Monday, November 24, 2003

Nano's got a brand-new bag: Politics

Tim Harper and Paul Holister at Cientifica ask in their latest edition of TNT Weekly whether anybody here in the colonies actually read the nanotech bill (PDF, 56.1 KB) or understand what nanotechnology is.

They take swipes at the bill's provision for a "one-time study to determine the technical feasibility of molecular self-assembly …" and correctly point out the absurdity of the U.S. government requiring a study to prove that what has already been accomplished, can in fact be accomplished.

Harper and Holister go on to say:

    We assume that the report actually intended here to refer to the creation of materials and devices using the hypothetical, and controversial, molecular assemblers that are a part of the Drexlerian vision of 'molecular nanotechnology' (or zettatechnology, to use the latest label), and the resulting notion of molecular manufacturing. The fact that the bill made it this far containing such a basic, and fundamentally important, error is somewhat worrying, as it indicates that at least this part of the document has not been checked by anyone with a basic understanding of nanotechnology.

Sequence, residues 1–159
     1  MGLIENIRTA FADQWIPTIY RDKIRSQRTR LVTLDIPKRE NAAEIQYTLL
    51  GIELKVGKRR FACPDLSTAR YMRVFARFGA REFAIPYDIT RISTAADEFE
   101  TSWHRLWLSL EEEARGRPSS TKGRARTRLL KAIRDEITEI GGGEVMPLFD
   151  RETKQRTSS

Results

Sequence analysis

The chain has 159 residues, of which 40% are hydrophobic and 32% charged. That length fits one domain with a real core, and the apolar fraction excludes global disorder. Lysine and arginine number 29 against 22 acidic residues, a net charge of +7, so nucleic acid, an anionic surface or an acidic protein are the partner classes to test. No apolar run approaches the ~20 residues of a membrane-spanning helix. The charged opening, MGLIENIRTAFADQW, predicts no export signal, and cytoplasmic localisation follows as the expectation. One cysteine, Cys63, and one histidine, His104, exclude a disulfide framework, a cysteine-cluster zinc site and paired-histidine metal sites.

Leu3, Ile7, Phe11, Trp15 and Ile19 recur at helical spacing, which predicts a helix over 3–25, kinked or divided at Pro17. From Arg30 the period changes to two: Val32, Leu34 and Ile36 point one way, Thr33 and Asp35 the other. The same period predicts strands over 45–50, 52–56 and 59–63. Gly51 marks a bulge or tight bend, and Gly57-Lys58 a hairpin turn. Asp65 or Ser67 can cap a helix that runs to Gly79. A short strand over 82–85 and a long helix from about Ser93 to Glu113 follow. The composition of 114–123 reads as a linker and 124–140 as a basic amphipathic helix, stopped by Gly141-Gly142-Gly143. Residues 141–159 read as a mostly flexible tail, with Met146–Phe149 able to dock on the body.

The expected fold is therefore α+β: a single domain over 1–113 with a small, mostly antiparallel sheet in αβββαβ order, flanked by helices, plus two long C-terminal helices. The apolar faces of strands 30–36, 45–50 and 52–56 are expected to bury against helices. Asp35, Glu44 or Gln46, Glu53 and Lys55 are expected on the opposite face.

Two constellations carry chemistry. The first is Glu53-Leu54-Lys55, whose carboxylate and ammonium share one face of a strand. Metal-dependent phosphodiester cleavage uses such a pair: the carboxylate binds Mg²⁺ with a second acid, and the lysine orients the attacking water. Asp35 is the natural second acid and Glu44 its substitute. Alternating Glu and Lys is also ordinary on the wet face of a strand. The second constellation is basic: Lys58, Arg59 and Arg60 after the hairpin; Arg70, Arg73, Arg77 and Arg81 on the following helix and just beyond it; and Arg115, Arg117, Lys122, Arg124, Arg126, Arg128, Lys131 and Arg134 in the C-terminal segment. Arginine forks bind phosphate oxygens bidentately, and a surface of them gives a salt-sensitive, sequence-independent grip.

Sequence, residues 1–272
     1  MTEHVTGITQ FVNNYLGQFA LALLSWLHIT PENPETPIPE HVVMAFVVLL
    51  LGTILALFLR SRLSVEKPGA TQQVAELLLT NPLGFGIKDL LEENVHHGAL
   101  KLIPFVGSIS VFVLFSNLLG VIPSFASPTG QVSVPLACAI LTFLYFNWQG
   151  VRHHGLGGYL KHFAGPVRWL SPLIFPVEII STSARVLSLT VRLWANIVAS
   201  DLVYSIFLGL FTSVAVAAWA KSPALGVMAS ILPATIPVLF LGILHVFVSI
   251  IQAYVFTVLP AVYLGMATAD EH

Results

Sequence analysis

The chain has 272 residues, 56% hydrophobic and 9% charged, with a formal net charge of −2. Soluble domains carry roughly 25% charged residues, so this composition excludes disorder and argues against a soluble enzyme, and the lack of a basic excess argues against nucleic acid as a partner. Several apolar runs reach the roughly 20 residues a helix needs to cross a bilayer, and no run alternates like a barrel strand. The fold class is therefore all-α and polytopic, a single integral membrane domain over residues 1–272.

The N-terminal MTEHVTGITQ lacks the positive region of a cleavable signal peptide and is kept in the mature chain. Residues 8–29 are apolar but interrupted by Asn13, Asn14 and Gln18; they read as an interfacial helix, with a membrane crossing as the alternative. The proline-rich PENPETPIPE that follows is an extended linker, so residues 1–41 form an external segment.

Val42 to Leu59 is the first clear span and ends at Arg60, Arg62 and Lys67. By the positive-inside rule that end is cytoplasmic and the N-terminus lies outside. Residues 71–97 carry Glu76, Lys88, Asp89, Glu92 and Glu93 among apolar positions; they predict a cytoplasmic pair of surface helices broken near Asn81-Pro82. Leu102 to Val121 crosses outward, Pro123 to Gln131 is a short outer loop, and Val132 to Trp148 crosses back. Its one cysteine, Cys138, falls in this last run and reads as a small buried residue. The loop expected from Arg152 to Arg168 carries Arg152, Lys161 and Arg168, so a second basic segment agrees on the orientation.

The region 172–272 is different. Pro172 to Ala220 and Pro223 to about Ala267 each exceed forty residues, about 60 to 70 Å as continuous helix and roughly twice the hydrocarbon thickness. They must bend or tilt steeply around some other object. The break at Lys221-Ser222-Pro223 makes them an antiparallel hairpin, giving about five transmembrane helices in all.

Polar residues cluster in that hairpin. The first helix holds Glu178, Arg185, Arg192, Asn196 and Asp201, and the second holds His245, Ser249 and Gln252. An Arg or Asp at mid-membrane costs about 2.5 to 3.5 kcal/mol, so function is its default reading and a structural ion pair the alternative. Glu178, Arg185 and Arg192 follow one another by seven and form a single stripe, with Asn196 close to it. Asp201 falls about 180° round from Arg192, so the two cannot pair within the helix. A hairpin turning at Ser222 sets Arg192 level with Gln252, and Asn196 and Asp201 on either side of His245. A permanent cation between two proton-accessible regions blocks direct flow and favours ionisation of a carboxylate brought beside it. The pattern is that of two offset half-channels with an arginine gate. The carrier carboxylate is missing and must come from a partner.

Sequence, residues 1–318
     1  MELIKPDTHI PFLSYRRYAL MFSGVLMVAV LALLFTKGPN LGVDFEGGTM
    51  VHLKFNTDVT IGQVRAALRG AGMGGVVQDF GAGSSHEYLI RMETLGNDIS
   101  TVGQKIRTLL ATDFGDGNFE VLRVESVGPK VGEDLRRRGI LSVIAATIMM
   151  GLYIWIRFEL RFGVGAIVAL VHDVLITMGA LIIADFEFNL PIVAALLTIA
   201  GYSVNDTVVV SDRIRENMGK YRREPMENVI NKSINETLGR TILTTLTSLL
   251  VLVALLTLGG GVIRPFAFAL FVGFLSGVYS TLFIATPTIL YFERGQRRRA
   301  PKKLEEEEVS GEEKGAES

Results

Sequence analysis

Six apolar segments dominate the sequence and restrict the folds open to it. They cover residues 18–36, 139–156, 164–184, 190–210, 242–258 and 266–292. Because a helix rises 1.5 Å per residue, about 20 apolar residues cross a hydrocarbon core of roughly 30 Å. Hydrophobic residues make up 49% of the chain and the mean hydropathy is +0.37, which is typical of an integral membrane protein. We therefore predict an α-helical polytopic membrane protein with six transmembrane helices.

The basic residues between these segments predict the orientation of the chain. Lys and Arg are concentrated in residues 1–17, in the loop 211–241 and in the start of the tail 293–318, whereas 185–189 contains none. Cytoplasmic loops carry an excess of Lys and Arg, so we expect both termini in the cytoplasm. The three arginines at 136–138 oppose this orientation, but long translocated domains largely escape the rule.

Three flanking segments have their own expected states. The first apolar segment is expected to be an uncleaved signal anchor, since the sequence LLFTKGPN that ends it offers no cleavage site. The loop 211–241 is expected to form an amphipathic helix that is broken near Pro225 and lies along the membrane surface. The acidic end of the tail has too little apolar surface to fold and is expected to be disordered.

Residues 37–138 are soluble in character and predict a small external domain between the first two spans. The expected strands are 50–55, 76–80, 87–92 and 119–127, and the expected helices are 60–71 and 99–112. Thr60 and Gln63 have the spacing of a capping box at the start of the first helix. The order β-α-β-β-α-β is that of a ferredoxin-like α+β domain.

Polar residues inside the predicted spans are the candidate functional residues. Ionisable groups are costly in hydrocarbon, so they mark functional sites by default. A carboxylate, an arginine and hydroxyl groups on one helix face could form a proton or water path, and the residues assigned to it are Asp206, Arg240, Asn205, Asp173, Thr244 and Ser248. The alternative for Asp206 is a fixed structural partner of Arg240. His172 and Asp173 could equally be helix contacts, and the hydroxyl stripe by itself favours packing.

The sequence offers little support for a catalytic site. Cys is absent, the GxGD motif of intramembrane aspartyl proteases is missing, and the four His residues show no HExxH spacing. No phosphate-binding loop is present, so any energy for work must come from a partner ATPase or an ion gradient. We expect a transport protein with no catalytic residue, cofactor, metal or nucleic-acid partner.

Tim and Paul know that I'm a fan of their work (and I've told them so), but I'm going to have to disagree with them on this one. The bill's language is no "error." The document was checked very carefully by those who understand nanotechnology. It's just that nano's got a brand-new branch: "political nanotechnology" (How about "polinanotech," since we're coining new terms these days?)

The original House version (PDF 99.4 KB) of the bill -- now worth only its weight in Thanksgiving Parade confetti --contained a provision to study "molecular manufacturing."

I'm not ordinarily a conspiracy theorist, but this one is obvious. So, I hereby retract what I wrote last week about molecular manufacturing proponents having cause to celebrate, and I once again wonder out loud why Congress – despite last week's inspirational rhetoric in the House and Senate – appears to be afraid of simply asking a question.

There are ongoing efforts to find out.


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